Indiana’s 10 Best Burgers
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Each year, readers of VisitIndiana.com vote for the “Best of Indiana”. This time, voters selected the state’s best burgers. It was a tough job, but here are their 10 best:
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Something Old, New, Borrowed & Blue

Submitted by on July 6, 2013 – 8:55 amNo Comment

illinois_chicago_blue-sky-bakery By Danielle M
Special to Road Trips for Foodies

Pizzeria Uno. Hot Doug’s. Chicago’s most famous restaurants are, well, famous, so even foodinistas just passing through town know not to miss the city’s original deep-dish pizza or hottest spot for hot dogs, and no local foodie worth their weight in Al’s Italian Beef have neglected to visit the most famous Chicago eateries.

Is it possible that Chicago’s famed dishes have overshadowed some of the city’s other great places to grab a bite?

Chicago’s food scene has so many perfect qualities, you’ll want to marry it long before you get to Chicago’s hidden gems, but why not ensure a long-term union by really digging into Chicago’s food scene with something old, something new, something borrowed and something blue?

Something Old: Colonial Café & Ice Cream

The original dairy that launched the Colonial franchise in 1901 may be gone, but the tradition continues around Chicago. Voted “best kid-friendly restaurant” and “best breakfast,” Colonial Café still owes most of its lauds to the Kitchen Sink, a monster of a sundae with two bananas, six scoops of ice cream, three toppings, almonds, whipped cream and a cherry on top.

Make the trip westward to the Saint Charles location at 1625 East Main Street for the best history-topped sundae. This location was the first of the Colonial Cafés, opened in 1959.

Something New: Old 5th

Brand new on the Chicago scene, Old Fifth looks to meld the worlds of pizza and whiskey, creating a distinctive combination for the foodie palette. Thin-crust pizza, sandwiches, cheese plates and entrees get served up alongside 120 whiskeys, including those of the Scotch, Irish and Canadian varieties, iPads adorn the tables, and outdoor tables make it an indoor-outdoor summertime venue.

Something Borrowed: En Hakkore

With the authentic Mexican on the city’s Lower West Side and Devon Avenue’s high-quality Indian restaurants, Chicago foodies are used to first-rate ethnic food. Put those food traditions together, along with several additional international influences, and you get En Hakkore, Chicago’s eatery with tons of personality.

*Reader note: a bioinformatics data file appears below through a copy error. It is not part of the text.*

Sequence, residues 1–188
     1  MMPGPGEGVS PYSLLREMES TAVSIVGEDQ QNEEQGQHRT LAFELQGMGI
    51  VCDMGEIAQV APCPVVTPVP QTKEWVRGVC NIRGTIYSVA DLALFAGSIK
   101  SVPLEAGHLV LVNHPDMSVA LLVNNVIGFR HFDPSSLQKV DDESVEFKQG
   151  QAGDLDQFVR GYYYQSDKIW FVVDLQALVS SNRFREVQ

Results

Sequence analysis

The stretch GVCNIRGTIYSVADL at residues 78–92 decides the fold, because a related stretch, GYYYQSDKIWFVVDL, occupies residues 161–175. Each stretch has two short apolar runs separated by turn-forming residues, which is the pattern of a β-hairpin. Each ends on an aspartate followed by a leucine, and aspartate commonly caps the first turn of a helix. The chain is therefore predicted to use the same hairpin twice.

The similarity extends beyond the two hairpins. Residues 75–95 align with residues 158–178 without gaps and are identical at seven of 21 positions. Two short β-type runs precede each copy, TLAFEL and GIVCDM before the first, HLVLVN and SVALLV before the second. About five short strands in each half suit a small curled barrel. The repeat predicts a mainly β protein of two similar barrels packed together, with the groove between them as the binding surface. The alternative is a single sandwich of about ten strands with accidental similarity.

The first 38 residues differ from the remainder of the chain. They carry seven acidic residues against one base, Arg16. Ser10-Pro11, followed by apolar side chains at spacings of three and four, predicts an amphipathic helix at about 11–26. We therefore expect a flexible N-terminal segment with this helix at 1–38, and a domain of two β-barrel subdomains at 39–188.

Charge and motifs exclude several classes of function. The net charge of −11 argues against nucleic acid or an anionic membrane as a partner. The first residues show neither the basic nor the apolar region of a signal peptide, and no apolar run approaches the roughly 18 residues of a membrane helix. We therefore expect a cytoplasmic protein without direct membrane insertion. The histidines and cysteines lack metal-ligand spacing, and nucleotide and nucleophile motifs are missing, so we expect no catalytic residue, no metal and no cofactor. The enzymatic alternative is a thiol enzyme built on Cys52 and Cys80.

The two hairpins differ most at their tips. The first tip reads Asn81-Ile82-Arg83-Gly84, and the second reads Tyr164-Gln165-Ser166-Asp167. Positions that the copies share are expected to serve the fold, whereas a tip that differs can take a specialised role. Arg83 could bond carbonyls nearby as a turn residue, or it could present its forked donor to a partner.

Considered Asian-fusion, the sushi chef owner of En Hakkore fuses just about anything he can, serving up sushi rolls with barbecued beef and tacos crafted from Indian paratha and Korean pork.

En Hakkore is located at 1840 North Damen Avenue.

Something Blue: Blue Sky Bakery

For the true foodie, all the good eats in the world are insufficient without knowing where to find a decadent dessert. When in Chicago, you can find that dessert at Blue Sky Bakery & Café, a Chicago eatery and non-profit with heart. Baking at Blue Sky is done by at-risk youth, who receive on-the-job-training that allows them to learn the skills they need to find work beyond the program.

Go for your conscience, but stay for the treats. The baked goods whipped up by the Blue Sky team get top marks for taste and for their reasonable prices.

As a local, you know what’s good in your city, but if you’ve missed these overshadowed Chicago staples, it’s time to make your rounds back through the Chicago restaurant scene. Be a tourist in your own city, check out some of the famous Chicago attractions you walk by and ignore every day, and then stop by these fine Chicago food spots that you may have missed the first time around.

(Photo courtesy of Blue Sky Bakery & Café)

About the author: Danielle M. studies marketing and supply chain management at The Kelley School of Business in Indianapolis. In her spare time, she blogs about local music and frequently travels north for a variety of Chicago attractions, including foodie events and summer music festivals.

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